Tuesday, January 20, 2015


'This impact is bliss for your body. Right now it is ow, ow, ow, but in a month or two it will be woo, woo, woo. You are not made of sugar or crystal. You will not melt. You will not break. It can be both humbling and very powerful. You will struggle but then you will have moments where you have control you didn't know was possible. This is not arrogance. This is part of the practice.'

Not Sugar. Not Crystal. Won't Melt. Won't Break.

Last night I went to my third Capoeira class. I felt shattered. It wasn't much longer than an hour, but I was clock watching from about half an hour in. This is not a brutal gym like experience where you have someone shouting at you to push harder. The movements are subtle and beautiful, but you are really using your whole body. The teacher is half floating, musical in his lightness. Like gravity doesn't apply to him. If I was taking it personally, it would be like someone taunting me about how easy it is. For me, the sweat started early as I tried to listen to instruction, conquer the mounting fatigue, and to remember to breathe and enjoy the class. I arrived at that point where your body gives up after one push up, and then the count continued to ten, and then switched arms (one arm push ups!!!). The push ups were part of half dance, half martial arts moves. There is a story involved. I think life tastes better with stories. Being able to witness other students at the boundary of the battle between strength and gravity - a spectrum between a donkey (me) and a poet (the teacher) - gave me some indication of a path worth following.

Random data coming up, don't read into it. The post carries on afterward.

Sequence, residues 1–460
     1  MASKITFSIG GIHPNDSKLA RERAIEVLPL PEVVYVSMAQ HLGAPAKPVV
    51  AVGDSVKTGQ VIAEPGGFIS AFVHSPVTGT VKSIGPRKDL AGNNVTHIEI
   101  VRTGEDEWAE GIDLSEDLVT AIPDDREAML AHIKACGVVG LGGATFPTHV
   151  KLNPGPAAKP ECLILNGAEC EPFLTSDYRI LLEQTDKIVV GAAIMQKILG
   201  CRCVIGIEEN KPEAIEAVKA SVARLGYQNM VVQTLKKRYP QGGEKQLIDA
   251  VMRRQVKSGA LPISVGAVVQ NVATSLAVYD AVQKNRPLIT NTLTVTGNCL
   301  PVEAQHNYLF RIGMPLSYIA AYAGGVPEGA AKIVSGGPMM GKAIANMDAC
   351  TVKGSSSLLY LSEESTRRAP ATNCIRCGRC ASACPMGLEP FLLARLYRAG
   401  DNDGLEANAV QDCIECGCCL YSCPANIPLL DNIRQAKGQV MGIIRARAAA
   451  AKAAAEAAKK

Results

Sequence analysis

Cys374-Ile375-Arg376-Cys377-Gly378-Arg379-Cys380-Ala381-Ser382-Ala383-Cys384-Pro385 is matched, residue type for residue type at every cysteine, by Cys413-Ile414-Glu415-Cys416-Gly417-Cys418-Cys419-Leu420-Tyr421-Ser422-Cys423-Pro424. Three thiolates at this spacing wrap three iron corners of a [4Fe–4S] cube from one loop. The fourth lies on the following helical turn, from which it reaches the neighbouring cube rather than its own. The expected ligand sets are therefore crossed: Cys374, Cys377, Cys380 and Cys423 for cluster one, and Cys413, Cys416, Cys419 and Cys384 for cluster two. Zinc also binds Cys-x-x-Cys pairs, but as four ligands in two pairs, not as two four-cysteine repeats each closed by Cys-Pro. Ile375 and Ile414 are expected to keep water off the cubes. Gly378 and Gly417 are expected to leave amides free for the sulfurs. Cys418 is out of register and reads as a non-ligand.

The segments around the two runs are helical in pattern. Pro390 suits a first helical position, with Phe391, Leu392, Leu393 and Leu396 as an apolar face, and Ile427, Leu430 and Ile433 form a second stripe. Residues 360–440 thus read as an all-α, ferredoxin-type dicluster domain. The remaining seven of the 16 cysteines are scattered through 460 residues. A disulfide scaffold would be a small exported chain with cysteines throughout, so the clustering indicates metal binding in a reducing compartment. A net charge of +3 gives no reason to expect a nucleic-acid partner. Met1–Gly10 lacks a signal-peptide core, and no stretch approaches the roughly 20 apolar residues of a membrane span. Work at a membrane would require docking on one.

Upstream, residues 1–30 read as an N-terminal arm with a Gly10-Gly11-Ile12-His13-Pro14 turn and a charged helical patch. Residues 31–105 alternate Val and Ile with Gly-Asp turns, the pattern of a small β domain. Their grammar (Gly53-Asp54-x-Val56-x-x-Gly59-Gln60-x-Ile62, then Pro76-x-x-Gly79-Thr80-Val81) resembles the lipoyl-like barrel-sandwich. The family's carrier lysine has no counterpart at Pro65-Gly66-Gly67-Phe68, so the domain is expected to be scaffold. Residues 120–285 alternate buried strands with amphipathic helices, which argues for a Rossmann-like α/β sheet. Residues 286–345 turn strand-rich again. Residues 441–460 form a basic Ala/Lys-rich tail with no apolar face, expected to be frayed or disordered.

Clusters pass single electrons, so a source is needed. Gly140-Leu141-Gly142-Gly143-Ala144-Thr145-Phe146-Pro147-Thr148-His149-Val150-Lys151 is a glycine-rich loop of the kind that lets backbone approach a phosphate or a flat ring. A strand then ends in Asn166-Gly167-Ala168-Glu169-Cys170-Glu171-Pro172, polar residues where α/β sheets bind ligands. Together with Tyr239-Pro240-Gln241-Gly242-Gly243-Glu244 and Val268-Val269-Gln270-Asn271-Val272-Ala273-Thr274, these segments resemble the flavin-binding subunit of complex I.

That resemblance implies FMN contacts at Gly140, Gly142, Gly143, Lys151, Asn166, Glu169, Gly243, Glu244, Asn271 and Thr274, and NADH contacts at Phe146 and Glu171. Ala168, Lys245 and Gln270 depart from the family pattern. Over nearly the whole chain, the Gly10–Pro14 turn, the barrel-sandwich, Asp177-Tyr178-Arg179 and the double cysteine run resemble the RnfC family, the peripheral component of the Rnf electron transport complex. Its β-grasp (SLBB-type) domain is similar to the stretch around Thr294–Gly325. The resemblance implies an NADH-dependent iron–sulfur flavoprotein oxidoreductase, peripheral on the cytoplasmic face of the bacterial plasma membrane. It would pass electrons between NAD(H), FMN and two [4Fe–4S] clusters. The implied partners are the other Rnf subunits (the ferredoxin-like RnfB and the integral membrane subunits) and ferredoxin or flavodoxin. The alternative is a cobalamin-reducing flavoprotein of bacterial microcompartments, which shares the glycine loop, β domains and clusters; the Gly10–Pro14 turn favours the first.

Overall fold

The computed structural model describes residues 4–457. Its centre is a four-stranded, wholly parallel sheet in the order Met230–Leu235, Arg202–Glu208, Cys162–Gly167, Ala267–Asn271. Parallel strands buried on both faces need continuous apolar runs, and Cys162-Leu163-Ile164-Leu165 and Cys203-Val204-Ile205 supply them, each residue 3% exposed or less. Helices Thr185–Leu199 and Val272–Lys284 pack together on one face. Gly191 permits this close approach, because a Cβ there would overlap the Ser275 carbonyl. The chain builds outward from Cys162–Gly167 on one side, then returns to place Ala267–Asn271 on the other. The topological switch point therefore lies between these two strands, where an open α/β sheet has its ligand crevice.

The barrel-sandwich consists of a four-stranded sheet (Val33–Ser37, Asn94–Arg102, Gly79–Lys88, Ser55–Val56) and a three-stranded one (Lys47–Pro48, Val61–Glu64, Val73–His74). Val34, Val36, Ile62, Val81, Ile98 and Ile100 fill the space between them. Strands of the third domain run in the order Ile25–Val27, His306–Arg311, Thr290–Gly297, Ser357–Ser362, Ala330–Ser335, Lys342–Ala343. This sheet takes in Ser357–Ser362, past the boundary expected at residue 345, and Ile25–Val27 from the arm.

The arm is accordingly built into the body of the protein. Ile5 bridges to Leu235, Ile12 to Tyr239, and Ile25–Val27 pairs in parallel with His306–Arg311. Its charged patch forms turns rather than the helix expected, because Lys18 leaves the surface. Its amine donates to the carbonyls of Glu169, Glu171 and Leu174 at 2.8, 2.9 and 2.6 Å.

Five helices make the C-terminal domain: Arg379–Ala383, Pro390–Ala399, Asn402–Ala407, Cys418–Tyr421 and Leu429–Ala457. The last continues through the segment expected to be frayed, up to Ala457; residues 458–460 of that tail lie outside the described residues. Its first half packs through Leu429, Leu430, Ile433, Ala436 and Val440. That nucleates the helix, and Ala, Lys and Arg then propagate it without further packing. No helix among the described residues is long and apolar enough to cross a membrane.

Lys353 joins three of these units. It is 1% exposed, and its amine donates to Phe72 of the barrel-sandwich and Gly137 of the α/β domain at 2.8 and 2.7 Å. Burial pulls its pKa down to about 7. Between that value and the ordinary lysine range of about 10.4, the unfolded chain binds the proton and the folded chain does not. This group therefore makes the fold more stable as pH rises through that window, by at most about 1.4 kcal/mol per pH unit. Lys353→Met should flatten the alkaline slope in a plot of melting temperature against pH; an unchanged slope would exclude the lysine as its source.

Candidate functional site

Afterwards as I was walking home, I was thinking about scales for the piano. There are plenty of scales I could do for Capoeira. Push-ups, sit-ups, planks, yoga - it all becomes a part of training to be able to play Capoeira. Just like the piano. When the drills become second nature and the expression becomes the focus. Like a kid moaning about learning at school when they don't see the point of what they are doing, part of the motivation for something comes from having a 'why'. The why may be an end goal, but it may also be a how. Capoeria seems like a wonderful way to keep fit and get the body moving because it weaves in a story, where training is a dance.

Post a Comment